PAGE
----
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1

The problems you see are compression artifacts. If you want to make them less visible apply less JPEG compression on your Image, this in turn will make the banner larger in size. Image 1-2: 2 compressed JPG images, the one on the left has more compression (25) that the one on the right (90). But the less compressed image is more than 4 times larger in ...


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Some thoughts. That is not necesarly a resolution issue, but how thin lines are processed. 1) An aliased image consist in some transition pixels to simulate smoothness If you have a thin line, lets say below of a pixel in size, you get just the aliased part: A gray line. In thin lines this diference is very notorious. One posible solution is making ...


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This is because Retina display requires more pixels, as explained in details in this post: http://www.sitepoint.com/css-techniques-for-retina-displays/ In order to fix that, you can: 1) As PieBie suggested, use the font directly as icon; 2) Use alternative high resolution picture with either media query or JavaScript. You can find example code in the 1st ...


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Totally depends on the aplication you are using for your "final layout". If you are using Indesign, there is the Preflight Window, where iy shows you the ppi of the "Links and Images". (File > Preflight) There are some simmilar inspectors on Corel Draw for example. On a flatened image, like JPG, there is no way of knowing the source images resolution on a ...


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What format? This is important. If you get random JPG/TIFF etc, just check the pixel dimensions and divide by 2x the expected line screen*. If the result is approximately your anticipated desired printed dimensions, you have proper resolution. So if you are printing a magazine at 150lpi on press, the recommended dpi/ppi is going to be 300. A 3000px image ...


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Your screen's resolution (as are most screen resolutions) 72 ppi. If you change the resolution to be higher, it will appear larger on your screen to achieve the same visual "density" if you will. Likewise, when the resolution is lower, it will appear smaller. Allow me a metaphor. Imagine you cover 1 sq. inch with 72 cheerios and you are looking at it ...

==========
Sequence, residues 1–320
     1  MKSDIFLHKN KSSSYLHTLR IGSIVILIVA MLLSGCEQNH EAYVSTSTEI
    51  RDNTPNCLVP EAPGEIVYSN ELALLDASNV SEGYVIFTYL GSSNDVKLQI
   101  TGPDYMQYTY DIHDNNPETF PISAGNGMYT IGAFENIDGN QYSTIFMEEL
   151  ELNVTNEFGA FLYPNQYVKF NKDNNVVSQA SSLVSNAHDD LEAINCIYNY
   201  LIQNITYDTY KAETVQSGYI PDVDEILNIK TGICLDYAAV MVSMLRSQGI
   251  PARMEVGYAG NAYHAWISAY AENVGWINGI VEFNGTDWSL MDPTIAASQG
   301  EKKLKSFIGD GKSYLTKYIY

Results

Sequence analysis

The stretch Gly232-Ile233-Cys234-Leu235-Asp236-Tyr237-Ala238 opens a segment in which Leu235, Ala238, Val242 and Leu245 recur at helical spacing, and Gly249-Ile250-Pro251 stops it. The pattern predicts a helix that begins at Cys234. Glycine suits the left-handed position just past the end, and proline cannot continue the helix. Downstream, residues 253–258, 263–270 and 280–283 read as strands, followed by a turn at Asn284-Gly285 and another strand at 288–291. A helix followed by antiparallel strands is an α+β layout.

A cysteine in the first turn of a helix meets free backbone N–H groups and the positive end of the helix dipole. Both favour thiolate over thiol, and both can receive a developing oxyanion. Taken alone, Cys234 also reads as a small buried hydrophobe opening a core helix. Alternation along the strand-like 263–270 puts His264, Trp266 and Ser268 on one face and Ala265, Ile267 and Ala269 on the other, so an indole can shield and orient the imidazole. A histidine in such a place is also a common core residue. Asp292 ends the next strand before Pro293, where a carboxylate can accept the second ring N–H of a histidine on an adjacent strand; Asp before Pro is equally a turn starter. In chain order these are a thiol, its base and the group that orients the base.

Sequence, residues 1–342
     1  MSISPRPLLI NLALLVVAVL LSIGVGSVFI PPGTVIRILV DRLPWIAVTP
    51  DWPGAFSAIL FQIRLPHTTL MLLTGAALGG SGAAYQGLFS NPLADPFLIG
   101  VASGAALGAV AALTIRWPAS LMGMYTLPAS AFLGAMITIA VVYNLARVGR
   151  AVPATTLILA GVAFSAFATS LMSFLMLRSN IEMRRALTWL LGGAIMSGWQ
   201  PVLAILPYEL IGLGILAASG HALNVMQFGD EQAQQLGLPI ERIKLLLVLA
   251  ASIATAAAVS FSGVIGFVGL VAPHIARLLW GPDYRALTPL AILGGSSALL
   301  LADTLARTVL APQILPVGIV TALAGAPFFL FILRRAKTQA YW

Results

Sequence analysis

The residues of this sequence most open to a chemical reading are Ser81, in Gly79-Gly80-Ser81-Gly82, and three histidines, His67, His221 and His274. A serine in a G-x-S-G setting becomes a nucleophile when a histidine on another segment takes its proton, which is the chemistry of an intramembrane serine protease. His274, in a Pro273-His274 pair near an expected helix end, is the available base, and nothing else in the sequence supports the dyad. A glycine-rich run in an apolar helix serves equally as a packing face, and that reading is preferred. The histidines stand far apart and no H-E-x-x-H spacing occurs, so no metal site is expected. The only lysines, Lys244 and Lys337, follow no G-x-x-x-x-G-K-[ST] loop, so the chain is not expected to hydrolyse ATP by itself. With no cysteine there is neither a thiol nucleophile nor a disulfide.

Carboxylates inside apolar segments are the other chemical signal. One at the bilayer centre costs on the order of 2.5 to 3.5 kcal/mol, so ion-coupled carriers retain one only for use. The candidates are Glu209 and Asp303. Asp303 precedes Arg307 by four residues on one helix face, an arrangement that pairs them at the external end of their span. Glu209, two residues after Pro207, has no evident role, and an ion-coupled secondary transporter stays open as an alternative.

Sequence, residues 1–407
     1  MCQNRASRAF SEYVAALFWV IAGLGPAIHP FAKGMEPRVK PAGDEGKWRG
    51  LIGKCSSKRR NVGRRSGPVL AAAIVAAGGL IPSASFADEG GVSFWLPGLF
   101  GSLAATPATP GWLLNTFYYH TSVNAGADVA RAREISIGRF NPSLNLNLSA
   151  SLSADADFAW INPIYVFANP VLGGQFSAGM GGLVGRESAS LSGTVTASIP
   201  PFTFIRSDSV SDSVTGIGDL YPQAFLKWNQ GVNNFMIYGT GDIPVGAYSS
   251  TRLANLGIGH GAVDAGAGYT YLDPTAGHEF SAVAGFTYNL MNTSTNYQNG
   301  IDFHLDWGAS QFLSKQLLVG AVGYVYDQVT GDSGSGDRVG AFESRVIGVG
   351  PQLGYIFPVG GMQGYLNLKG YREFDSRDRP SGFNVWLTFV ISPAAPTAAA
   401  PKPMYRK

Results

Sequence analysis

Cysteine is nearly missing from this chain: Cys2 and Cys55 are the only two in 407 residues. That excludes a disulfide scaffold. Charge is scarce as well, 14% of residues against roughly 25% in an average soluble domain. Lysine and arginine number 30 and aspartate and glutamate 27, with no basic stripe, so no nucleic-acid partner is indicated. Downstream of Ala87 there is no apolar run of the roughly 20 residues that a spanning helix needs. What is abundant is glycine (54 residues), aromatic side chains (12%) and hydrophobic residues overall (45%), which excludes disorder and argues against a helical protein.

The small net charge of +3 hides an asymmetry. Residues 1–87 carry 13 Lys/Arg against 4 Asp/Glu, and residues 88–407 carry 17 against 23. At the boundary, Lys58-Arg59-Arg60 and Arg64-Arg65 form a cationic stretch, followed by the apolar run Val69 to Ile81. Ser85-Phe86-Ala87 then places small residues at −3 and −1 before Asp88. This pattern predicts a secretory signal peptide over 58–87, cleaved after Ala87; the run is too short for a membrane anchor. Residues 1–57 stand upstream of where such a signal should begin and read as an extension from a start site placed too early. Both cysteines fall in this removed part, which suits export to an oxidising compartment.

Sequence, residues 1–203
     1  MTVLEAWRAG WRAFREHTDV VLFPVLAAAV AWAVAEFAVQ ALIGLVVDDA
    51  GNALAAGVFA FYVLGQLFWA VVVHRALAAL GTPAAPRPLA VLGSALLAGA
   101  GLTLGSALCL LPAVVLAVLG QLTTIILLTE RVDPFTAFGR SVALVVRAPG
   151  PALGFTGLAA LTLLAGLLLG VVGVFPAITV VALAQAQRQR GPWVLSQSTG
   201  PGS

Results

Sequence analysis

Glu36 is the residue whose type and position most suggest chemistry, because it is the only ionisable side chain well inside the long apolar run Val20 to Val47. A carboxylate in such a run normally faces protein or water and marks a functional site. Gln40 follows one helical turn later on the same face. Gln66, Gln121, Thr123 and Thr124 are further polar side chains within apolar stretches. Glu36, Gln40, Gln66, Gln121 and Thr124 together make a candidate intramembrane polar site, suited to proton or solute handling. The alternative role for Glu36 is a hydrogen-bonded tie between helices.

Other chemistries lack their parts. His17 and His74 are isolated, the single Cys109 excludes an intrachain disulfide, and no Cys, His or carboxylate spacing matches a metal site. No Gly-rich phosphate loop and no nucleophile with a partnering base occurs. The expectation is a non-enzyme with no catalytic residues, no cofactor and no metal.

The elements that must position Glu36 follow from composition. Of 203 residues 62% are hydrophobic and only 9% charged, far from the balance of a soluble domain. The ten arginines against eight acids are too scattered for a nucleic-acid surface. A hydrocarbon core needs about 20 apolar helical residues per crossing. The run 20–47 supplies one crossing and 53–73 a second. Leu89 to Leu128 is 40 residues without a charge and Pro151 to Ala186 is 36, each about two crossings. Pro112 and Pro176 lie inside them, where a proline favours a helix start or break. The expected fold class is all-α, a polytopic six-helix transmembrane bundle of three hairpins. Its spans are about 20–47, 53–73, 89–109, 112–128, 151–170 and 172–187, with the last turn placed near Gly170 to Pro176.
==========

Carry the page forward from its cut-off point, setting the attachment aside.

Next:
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As a general rule, when your working on a screen, forget about physical dimensions and resolution (PPI). All that affects the size you see something on screen is its pixel dimensions. Your screen doesn't know what an inch is, all it knows is pixels. In your examples: 1×1 inch image at 72PPI is 72×72 pixels. 1×1 inch image at 27PPI is 27×27 pixels. Your ...


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The dimensions you mention above are very, very large. Providing they are correct, either of the 300dpi files will print well (though for that matter, a 200cm+ image at 72dpi will print well on most applications). As a general rule, printing a 300dpi image at 100% scale will give you a good result.


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No. None of your specific questions come to play. The number of pixels in a digital display is fixed, so no nothing changes the pixel density of a display. Pixel density has no meaning for the generator of a image the only thing that counts is how many pixels your display has. The physical size and density are beyond your reach, but they also do not affect ...


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...increased DPI... only its effectible print size. Nop. That is PPI. DPI is a printer capability unit. I think the root of the problem is that the dpi is widley known because for a time was an important issue to buy a printer. This unit was adopted as image quality. A scanner was thought as just the input part of the same ecosystem. The people just ...


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Those terms are largely misunderstood for two reasons: Most people do not really understand what units are. Units have been taught to most by memorization, and quite lot of it, without much deep thought put into the subject. Since this kind of learning worked for most purposes for other units then they think it works for this too. From this follows that ...



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